A Prince Edward Island vacation is not a vacation at all without succumbing to the succulence offered up by a maritime lobster feed unlike any you’re likely to find anywhere else.
Lobster is not so much a part of Prince Edward Island life as it is a fact of Prince Edward Island life and a visit to the gentle island without a lobster feast would be like a visit to the island without giving in to a round of golf. Or visiting the island and not walking along the miles and miles and miles of endless sandy beaches in shades of white, champagne, pink and of red. Or of visiting the island without taking in the many festivals that imbue it with its unique character, charm and of course, it’s culture.
There are two lobster fishing seasons on Prince Edward Island; one in the spring and the other occurring in the fall. Lobsters from the island are available year round, however, because they are kept in holding pens or pounds, (traditionally large, fenced areas of the ocean) or in more recent years, thanks to rapid the advancements made by technology, lobsters can be penned in huge dry-land holding facilities, in fact pioneered in Atlantic Canada. In the end, it means the lobster served to you is always as fresh as it is refreshing to the palate.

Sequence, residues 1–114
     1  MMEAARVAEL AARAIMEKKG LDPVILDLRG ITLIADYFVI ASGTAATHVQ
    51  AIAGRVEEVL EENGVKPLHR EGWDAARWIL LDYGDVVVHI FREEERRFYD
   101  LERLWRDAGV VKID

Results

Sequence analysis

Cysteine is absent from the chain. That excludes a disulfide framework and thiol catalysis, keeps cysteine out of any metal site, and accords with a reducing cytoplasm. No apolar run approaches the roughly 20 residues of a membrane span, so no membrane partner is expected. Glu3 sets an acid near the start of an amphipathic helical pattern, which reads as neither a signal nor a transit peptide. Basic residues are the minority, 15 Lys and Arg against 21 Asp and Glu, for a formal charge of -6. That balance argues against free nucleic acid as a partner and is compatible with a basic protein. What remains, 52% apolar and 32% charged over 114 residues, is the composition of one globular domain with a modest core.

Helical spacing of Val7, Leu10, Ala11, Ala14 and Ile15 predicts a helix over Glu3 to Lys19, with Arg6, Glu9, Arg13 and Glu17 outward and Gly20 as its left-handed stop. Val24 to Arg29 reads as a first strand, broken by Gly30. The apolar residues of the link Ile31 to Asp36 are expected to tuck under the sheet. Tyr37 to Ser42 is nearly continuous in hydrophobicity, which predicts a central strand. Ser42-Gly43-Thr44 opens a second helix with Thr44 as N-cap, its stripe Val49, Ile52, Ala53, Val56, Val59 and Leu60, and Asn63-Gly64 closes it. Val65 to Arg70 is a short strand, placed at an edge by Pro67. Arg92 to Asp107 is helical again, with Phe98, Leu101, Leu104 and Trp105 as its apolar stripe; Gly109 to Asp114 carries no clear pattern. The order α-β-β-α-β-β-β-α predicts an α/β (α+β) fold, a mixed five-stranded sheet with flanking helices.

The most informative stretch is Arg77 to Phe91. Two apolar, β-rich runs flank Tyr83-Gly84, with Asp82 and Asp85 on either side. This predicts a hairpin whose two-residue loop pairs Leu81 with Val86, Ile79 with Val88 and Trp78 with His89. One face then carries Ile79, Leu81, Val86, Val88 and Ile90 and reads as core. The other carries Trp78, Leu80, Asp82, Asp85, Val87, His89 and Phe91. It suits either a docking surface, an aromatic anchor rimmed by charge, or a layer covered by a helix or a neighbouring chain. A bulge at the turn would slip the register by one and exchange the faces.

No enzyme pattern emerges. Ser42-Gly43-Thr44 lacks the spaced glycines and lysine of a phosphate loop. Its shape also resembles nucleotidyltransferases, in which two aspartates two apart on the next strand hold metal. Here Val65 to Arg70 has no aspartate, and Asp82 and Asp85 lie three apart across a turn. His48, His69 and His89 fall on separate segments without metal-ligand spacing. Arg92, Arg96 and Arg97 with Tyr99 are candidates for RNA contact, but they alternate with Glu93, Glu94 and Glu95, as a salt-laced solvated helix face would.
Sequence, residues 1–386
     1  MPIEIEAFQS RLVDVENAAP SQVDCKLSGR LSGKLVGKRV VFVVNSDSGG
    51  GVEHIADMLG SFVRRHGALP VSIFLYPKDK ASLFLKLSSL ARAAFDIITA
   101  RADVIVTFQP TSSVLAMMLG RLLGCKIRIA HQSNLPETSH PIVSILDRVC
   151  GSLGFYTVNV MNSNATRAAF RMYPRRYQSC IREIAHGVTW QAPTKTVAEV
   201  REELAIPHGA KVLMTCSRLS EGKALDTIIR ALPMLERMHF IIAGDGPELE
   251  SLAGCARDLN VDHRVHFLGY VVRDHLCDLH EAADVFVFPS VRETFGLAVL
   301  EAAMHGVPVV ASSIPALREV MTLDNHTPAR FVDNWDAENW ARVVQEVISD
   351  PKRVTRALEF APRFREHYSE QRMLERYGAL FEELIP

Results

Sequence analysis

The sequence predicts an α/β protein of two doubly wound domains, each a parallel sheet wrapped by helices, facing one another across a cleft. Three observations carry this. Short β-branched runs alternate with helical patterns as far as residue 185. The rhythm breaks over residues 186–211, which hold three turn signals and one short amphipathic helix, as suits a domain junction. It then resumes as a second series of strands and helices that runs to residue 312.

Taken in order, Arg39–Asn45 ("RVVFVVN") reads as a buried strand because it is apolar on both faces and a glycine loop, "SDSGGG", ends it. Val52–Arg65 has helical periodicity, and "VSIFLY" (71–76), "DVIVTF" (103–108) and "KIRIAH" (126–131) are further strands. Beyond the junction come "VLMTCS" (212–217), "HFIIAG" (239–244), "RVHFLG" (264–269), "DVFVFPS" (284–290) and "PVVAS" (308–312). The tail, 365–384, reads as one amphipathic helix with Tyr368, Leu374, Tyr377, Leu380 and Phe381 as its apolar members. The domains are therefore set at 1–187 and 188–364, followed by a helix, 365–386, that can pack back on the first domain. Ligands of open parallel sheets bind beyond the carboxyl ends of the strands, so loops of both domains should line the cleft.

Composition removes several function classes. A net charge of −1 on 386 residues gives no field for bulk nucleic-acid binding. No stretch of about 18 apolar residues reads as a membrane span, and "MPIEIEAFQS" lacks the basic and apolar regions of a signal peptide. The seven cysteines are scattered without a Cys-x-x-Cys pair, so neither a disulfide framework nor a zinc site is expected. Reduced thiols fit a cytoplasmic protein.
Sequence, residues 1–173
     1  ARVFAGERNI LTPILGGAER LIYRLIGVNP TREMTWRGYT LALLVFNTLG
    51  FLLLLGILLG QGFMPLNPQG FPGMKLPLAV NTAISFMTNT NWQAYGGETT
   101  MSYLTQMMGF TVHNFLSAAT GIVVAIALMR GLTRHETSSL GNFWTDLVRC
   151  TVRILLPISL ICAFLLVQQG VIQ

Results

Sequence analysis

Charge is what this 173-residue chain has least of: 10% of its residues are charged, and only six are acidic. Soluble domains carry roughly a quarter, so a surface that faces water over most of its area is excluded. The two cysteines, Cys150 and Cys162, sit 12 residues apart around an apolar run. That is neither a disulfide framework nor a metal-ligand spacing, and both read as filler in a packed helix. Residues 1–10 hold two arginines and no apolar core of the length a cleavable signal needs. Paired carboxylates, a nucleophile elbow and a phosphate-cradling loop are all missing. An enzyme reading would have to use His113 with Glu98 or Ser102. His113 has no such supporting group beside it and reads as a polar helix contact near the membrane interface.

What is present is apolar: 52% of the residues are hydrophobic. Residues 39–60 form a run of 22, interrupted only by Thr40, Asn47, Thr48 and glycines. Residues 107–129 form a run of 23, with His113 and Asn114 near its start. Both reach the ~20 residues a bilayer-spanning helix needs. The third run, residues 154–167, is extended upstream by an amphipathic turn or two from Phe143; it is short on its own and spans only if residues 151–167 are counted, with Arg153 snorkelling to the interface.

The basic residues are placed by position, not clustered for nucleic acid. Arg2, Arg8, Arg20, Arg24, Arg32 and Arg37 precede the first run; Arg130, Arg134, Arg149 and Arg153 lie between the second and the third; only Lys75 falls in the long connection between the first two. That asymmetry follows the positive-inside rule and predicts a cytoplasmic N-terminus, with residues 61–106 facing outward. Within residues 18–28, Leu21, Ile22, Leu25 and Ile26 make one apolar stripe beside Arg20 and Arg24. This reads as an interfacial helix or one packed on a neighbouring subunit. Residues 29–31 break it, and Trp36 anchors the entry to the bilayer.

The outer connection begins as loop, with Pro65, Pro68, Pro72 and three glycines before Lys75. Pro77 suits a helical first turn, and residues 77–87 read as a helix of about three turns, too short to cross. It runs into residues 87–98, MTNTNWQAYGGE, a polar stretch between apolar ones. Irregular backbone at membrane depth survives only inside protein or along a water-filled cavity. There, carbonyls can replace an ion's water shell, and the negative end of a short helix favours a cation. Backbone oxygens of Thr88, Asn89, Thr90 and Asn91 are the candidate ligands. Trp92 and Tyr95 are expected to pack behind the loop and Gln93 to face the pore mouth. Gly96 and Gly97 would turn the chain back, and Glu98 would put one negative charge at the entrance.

The American lobster or as it’s known by its scientific name, Homarus Americanus, can most often be found on the Atlantic coast where it is also known as the northern, Atlantic or Maine lobster. The colder waters of Canada are the more common lobster areas although they can be found as far south as North Carolina.
While a much vaunted delicacy today, in decades past, that hasn’t always been the case. In fact, the lobster was once considered very common and farmers of Prince Edward Island would often spread lobsters on their fields for fertilizer. Perhaps that’s one of the reasons Prince Edward Island potatoes have come to have the storied reputation and taste they do.
A live lobster is usually greenish-brown in appearance and color, although occasionally they have been known turn up in blue, partly white, yellow or bright red. These color variations are the result of a genetic defect in the lobster shell pigments and are very rare. In fact, for a blue lobster, the chances are one in a million. For a yellow lobster; one in 30 million.
The sight of a red lobster is considerably more common and can be found all over the island. This is, of course, due to the fact that it’s been cooked and served with butter. It is here, on the gentle island that the potato and lobster together are once again a familiar sight, preferably served piping hot in your newfound and favorite Prince Edward Island restaurant at the water’s edge or along the boardwalk.
This summer, savor the succulence of a Prince Edward Island lobster, and all the tradition that comes with it. Bon appetit!